You can see his plain-speaking here. His poems can be quite formal, with rigorous structures, giving some of them a haunting feel. For example, here’s this short one called “DEJECTION”:

Bone-idle, I lie listening to the rain,
Not tragic now nor yet to frenzy bold.
Must I stand out in thunderstorms again
Who have twice come in from the cold?

It’s simple bald language. He’s not “fancy”. The poem is called DEJECTION, after all. But there’s a real courage in expressing yourself that plainly, yet with that much surrounding structure. It’s old-fashioned. Newer poets pooh-pooh structure sometimes. Mahon is all about structure.

After years of traveling around, he now lives in Kinsale. I think he feels perpetually outside of things. An exile even in his own country, something that is quite common with the Irish. He said once:

“What’s the difference between an exile and an expatriate? It seems to me that an Englishman in France is an expat, but an Irishman is an exile.”

He has not returned to live in Belfast. He is criticized for that. (shaking my head at the things people get upset about). He is Irish, but doesn’t seem to be of Ireland. He looks in on it from the outside. It gives his work a strength that it wouldn’t otherwise have. You can’t say he doesn’t have a “sense of place”. That is the thing with exiles: they often can see their home in a clearer way than those who live there and don’t question it.

I struggled with what poem to put up today. His poem ANTARCTICA is amazing, with, again, a very strict structure and repetitive phrases throughout: “At the heart of the ridiculous, the sublime”. But I thought instead that I would go with his beautiful poem “ACHILL”. Achill Island is a big island off the west coast of Ireland. We spent some time there as a family years ago, when we went to Ireland. I was 13 years old, so my memories of the place are often mortifying to read now (we were there for Easter, and I was mainly upset that I hadn’t brought my curling iron to Ireland), but despite what I wrote down in my journal, Achill Island remains vivid to me in my mind: the windy wildness of it, the smell of the peat fires, the impromptu soccer games among the sheep, and the beautiful bleakness of the landscape. I would love to go back there.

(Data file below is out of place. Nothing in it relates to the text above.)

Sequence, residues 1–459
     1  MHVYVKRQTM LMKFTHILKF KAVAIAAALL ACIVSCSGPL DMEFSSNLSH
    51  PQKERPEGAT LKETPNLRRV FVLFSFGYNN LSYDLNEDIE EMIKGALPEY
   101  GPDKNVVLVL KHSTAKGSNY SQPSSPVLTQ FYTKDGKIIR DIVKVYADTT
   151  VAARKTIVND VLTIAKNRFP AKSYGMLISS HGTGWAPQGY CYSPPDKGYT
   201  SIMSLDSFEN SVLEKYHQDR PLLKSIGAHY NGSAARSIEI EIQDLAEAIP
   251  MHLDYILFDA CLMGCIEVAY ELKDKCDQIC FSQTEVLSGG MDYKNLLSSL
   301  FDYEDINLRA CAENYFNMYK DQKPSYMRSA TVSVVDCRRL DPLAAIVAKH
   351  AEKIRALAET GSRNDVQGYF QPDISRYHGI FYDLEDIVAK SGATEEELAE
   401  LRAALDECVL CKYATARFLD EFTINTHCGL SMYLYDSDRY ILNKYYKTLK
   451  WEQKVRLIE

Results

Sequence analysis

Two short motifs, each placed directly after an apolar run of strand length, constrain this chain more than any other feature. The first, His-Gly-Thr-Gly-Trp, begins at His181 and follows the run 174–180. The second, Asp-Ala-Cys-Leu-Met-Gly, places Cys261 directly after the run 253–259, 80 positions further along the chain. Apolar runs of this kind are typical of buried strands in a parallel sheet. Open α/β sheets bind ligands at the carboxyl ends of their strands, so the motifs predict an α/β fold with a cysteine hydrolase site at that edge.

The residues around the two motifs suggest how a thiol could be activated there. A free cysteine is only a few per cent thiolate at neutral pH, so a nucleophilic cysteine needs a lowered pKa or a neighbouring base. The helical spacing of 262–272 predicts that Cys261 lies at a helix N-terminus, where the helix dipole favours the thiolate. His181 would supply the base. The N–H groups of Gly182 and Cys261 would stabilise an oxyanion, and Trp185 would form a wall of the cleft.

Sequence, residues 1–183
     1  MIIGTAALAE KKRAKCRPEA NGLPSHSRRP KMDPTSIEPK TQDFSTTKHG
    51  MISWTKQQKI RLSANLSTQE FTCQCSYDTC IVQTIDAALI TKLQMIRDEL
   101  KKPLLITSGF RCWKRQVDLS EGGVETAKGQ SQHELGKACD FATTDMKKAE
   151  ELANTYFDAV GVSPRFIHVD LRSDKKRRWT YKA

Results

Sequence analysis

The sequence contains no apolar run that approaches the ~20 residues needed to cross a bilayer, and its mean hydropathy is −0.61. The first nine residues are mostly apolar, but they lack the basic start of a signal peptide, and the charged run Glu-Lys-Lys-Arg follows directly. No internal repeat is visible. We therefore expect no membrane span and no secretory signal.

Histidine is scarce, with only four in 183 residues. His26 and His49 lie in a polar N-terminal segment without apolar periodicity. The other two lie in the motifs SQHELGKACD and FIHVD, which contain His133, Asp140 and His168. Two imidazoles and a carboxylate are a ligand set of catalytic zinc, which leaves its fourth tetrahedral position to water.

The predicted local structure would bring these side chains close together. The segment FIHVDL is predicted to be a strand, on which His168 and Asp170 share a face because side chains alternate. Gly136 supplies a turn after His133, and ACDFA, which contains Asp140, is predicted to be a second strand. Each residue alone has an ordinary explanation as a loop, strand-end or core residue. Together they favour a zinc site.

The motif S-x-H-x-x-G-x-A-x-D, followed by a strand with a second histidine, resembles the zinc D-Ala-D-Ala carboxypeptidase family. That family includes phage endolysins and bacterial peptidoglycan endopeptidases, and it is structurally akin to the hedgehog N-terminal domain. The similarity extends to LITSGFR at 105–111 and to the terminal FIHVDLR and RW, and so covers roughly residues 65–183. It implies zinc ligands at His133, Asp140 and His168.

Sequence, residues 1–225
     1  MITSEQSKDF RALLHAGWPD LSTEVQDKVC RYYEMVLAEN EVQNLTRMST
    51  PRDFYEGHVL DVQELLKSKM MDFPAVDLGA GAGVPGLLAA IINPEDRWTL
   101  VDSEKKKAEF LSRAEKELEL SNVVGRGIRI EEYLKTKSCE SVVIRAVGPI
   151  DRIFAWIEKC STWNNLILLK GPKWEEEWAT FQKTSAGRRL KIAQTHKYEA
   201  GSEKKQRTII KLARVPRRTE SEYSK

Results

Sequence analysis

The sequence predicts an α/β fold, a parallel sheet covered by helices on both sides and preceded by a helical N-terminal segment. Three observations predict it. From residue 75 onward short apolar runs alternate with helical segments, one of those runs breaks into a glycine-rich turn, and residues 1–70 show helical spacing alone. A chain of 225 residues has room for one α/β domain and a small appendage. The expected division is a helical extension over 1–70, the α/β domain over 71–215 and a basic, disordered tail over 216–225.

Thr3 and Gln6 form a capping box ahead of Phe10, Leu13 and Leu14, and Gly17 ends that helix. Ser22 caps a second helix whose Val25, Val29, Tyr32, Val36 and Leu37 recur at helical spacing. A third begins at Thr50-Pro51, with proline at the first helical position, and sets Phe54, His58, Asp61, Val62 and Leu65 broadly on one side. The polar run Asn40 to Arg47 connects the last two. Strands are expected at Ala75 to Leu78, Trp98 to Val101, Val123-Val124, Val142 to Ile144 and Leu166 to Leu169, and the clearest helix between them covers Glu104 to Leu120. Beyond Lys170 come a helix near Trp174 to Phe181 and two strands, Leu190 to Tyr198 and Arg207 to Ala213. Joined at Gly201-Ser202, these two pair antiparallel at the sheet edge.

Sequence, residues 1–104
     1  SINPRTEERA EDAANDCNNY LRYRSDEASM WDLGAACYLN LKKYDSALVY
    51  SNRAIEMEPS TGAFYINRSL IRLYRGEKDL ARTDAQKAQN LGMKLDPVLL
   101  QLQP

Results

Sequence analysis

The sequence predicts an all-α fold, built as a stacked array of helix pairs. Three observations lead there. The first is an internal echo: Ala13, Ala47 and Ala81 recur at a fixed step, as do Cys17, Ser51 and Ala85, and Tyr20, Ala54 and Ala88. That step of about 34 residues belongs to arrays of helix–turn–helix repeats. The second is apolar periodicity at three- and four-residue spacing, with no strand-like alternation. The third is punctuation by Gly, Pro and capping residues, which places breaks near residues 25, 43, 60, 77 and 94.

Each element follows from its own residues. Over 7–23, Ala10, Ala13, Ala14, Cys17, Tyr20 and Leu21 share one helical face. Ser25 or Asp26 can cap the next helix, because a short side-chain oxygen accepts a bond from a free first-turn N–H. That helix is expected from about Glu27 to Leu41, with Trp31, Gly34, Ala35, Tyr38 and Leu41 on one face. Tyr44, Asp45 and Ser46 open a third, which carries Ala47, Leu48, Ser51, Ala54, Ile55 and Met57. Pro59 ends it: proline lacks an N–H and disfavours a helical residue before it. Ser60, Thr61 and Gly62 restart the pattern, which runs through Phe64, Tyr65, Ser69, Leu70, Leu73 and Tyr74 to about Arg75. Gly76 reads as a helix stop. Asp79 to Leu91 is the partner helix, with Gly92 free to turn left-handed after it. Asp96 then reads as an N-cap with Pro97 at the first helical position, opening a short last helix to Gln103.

im chaonaí uaigneach nach mór go bhfeicim an lá1

I lie and imagine a first light gleam in the bay
After one more night of erosion and nearer the grave,
Then stand and gaze from the window at break of day
As a shearwater skims the ridge of an incoming wave;
And I think of my son a dolphin in the Aegean,
A sprite among sails knife-bright in a seasonal wind,
And wish he were here where currachs walk on the ocean
To ease with his talk the solitude locked in my mind.

I sit on a stone after lunch and consider the glow
Of the sun through mist, a pearl bulb containèdly fierce;
A rain-shower darkens the schist for a minute or so
Then it drifts away and the sloe-black patches disperse.
Croagh Patrick towers like Naxos over the water
And I think of my daughter at work on her difficult art
And wish she were with me now between thrush and plover,
Wild thyme and sea-thrift, to lift the weight from my heart.

The young sit smoking and laughing on the bridge at evening
Like birds on a telephone pole or notes on a score.
A tin whistle squeals in the parlour, once more it is raining,
Turf-smoke inclines and a wind whines under the door;
And I lie and imagine the lights going on in the harbor
Of white-housed Náousa, your clear definition at night,
And wish you were here to upstage my disconsolate labour
As I glance through a few thin pages and switch off the light.

1 A desolate waif scarce seeing the light of day (from a poem by Piaras Feritéar, 1600-1653, as translated by Thomas Kinsella).